Therefore, I hold that the postmodern strategy cannot overcome the problem of kitsch. I follow Roger Scruton in the view that it is impossible to experience authentic beauty unless we take the position that some objects have the status of sacred or transcendent objects, that allow us to transcend the everyday reality, and that they are final, and not merely instrumental, and that they are vehicles for creating meaning in life. By contrast, the objects created by politically correct cultural academia as well as the market fail to provide meaning and leave us empty and dissatisfied once the interest or utility has been exhausted.

4. Historical context: subjectivism and expression

The politically correct postmodernist ideology leads to an anthropological approach to social practices. Thus, writers and commentators typically either ask what a certain arbitrarily defined group of people (in this case so-called “milongueros” in Buenos Aires) do. Alternatively, they take a “phenomenological” approach, describing their experiences and feelings in learning and dancing tango.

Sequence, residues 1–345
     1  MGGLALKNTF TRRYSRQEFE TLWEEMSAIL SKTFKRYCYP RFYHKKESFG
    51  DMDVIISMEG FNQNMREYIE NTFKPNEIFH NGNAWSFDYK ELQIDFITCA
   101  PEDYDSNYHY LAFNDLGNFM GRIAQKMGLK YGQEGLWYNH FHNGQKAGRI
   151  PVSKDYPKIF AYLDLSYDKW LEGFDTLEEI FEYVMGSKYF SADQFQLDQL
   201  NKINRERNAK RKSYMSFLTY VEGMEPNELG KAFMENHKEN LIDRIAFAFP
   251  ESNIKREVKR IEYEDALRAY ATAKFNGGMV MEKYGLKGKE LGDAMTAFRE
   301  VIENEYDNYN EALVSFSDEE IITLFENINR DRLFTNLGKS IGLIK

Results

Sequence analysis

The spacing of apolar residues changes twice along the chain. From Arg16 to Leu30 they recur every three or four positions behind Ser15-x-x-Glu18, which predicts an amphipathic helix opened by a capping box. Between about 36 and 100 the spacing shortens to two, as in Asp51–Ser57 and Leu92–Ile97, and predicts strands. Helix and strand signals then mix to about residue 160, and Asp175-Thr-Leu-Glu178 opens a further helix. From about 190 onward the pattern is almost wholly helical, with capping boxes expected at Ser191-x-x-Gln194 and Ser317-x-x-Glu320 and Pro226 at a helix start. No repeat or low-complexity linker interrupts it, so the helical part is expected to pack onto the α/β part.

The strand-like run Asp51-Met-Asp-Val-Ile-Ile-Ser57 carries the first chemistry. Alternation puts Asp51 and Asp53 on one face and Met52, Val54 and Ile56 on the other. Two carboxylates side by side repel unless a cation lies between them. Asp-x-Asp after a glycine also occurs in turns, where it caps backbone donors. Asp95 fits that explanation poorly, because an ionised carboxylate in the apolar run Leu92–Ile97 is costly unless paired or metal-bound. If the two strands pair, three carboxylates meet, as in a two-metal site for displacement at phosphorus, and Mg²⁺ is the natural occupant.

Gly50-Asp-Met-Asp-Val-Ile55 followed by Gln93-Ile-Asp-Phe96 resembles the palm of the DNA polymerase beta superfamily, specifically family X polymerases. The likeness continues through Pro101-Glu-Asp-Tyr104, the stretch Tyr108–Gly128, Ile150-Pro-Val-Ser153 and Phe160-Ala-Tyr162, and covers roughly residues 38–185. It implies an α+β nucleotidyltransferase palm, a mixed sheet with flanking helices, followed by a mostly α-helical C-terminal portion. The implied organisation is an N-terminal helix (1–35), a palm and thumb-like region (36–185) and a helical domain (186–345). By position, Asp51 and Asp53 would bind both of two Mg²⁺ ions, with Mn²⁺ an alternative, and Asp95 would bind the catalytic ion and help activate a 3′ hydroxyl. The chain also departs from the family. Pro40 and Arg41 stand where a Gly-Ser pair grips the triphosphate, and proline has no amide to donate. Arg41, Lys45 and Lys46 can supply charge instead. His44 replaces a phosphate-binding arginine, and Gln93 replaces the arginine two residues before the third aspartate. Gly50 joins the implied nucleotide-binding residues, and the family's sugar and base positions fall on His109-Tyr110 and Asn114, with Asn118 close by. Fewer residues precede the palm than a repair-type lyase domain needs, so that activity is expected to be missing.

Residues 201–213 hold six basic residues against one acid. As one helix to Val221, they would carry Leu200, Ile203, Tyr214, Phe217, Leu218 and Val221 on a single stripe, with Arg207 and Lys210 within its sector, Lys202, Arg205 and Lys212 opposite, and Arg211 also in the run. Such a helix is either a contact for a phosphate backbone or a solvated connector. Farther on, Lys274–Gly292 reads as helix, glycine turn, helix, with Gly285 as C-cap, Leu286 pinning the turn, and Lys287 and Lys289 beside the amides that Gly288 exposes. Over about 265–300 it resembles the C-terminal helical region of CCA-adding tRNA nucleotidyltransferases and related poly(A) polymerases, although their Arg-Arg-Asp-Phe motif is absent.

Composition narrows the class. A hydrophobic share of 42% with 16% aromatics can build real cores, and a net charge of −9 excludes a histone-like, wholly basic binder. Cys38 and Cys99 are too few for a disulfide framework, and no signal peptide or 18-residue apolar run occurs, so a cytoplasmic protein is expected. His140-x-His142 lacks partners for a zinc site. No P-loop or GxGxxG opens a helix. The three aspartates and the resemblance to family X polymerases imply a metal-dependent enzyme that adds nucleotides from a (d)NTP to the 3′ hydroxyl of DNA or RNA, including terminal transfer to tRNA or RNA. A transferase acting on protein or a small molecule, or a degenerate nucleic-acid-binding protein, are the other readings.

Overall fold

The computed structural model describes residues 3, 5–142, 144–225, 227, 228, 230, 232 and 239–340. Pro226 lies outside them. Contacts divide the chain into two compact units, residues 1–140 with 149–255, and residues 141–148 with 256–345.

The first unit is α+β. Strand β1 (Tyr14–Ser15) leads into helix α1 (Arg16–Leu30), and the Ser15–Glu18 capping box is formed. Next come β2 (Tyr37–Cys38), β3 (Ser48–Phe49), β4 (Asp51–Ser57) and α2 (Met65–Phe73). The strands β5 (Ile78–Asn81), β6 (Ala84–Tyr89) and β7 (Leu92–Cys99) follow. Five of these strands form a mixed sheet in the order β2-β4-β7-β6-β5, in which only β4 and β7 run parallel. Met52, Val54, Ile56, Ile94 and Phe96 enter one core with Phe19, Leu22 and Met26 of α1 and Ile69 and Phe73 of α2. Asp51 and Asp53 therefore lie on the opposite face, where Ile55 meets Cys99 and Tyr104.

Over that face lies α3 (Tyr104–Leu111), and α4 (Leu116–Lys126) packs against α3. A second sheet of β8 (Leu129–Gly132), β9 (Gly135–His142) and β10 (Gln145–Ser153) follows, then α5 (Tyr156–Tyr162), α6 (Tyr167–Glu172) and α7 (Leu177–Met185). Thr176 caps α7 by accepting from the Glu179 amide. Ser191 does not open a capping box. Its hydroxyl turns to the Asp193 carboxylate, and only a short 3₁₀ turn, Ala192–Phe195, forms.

These methodological approaches miss the fact that tango as a dance and a music has a history that is rooted in the European tradition of art that going back hundreds of years. Without understanding this history, the anthroplogy and phenomenology lacks the context necessary to provide real understanding, and renders these things as in a vacuum, sui generis, emerging out of nowhere and without any specific place in our cultural genesis. It fits in with the relativism and subjectivism but in the end leaves us confused and ungrounded.

The claim is not that the anthropological and phenomenological approaches have no place, but that they must be located in a historical context. Progressives reject the study of history on the grounds that it is merely the story of “dead white males”, and slander European history as nothing more than the story of colonialism and oppression.
Shedding a proper historical context, anthroplogy and phenomenology become relativistic.

If we consider the proper historical context of Latin music and dance generally, and tango specifically, we find that these practices have their origins in English country dances, subsequently spreading in Europe as “contradanza”, and that the specifically latin music emerged in Cuba, subsequently termed “Habanera”. This historical context can provide us with an understanding that can inform our understanding of tango music and of tango dancing as a social practice, other than as merely in terms of individual and subjective experience.